Christians around the world have recently begun one of the most important seasons in the liturgical calendar: Lent. As we prepare for the Passion and Resurrection of our Savior, it’s a good time to consider Him in His fullness. He is indeed the comforting, welcoming Prince of Peace. But Jesus also demonstrated a less gentle side, one that too many of us are not terribly comfortable with. It is important that we know and appreciate the not-just-meek-and-mild Jesus as we sojourn through Lent this year. …
There are two truths about Jesus that seem to be at odds with the modern Christian understanding. First, the God-Man, unbound by time, held a decidedly ancient and “unenlightened” view of the world. Second, He regularly hurt folks’ feelings and didn’t apologize for it. The tender Lamb of God is also a fierce lion.
Let’s start with the first point. In this scientific age, we think it’s silly to believe that an actual devil, demons, and hell exist. But Jesus is old-school. He spoke of a literal Adam and Eve, Noah’s Ark, Jonah in the belly of the great fish, and the destruction of Sodom—all as actual fact. He talks quite often in the Gospels about Satan and demonic possession. Doing exorcisms was all in a day’s work. He once dropped a bomb on a group of everyday folks, declaring that they were not the children of Abraham, but “of your father the devil.” That’s rough stuff, telling folks they’re sons of the devil. He spoke this way because He believed it.
Second, Jesus believed in the reality of sin, the need for repentance, and a real hell where people weep and gnash their teeth. He spoke of these things regularly, and not conceptually or metaphorically. He personalized this bad news for actual people in vibrant ways. He likened some folks to weeds and said He would “send His angels, and they will gather out of His kingdom all causes of sin and all law-breakers, and throw them into the fiery furnace,” where “there will be weeping and gnashing of teeth.”
He explains how the final judgment will work. One group, those who do His will, will be welcomed into His Kingdom. To the other, He will say, “Depart from me, you cursed, into the eternal fire prepared for the devil and his angels.” If we were Jesus’s tour manager, we might be inclined to remind Him that honey attracts more flies. He would remind us that He’s got this, only doing what His Father does.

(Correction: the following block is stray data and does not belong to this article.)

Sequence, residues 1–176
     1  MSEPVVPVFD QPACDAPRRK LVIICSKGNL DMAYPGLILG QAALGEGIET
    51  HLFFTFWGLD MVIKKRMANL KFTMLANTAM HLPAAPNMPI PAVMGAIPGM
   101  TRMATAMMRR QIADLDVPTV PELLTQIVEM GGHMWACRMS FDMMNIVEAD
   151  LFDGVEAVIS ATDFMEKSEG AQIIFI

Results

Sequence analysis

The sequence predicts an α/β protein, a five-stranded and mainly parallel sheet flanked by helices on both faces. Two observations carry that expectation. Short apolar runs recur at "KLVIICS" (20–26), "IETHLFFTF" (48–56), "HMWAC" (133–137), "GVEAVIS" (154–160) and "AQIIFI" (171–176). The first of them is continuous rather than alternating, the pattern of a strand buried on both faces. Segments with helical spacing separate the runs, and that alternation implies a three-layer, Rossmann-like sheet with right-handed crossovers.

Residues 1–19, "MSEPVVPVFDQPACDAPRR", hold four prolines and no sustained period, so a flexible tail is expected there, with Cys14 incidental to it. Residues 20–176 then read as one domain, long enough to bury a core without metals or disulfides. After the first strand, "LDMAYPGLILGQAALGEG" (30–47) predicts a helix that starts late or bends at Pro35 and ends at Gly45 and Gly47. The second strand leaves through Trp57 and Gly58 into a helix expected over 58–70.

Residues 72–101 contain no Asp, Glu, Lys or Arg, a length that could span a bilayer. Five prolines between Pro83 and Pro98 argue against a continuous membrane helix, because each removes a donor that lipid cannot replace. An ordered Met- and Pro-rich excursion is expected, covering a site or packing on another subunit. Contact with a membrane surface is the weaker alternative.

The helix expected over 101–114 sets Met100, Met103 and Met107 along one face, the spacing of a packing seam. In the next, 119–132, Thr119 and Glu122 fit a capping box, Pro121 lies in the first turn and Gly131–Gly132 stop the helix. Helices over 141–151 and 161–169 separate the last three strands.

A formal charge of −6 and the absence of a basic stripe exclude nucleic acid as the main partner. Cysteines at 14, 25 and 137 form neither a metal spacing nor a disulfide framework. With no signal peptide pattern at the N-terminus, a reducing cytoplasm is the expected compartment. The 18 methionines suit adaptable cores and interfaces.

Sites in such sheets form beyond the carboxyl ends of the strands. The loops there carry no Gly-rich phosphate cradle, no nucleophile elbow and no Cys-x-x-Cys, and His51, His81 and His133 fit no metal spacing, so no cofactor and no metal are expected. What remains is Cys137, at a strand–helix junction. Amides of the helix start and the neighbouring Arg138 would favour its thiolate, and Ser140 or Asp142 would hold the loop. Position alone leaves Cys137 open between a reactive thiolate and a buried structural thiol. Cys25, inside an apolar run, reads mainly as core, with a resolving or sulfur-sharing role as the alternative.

Jesus is not shy about telling us that He can be a harsh judge. He came into the world to judge and is eager (eager!) to cast fire upon the earth. It wasn’t only the hypocritical religious leaders of the day who received this message. He warned some everyday folks that if they didn’t repent, they would all perish in unspeakable ways.
The Scriptures conclude in St. John’s Revelation with an extremely distressing Jesus. He’s downright frightening. John, who once rested upon the Savior’s breast and was given care over Our Lord’s mother, encounters Jesus again some years later. It isn’t a happy reunion. John falls as if dead before the Jesus whose eyes are fire. From the Prince of Peace’s mouth comes a massive and mighty sword with razor edges, with which He will strike down the nations. Revelation Jesus, the very same tender baby Jesus of the manger, is fierce beyond description.
Jesus Christ wasn’t a tame spiritual philosopher, but rather claimed relationship and identity with the creator of all things. Unlike other spiritual teachers or philosophers or gurus, he is someone who must be dealt with. Our relationship with him, or lack thereof, determines everything.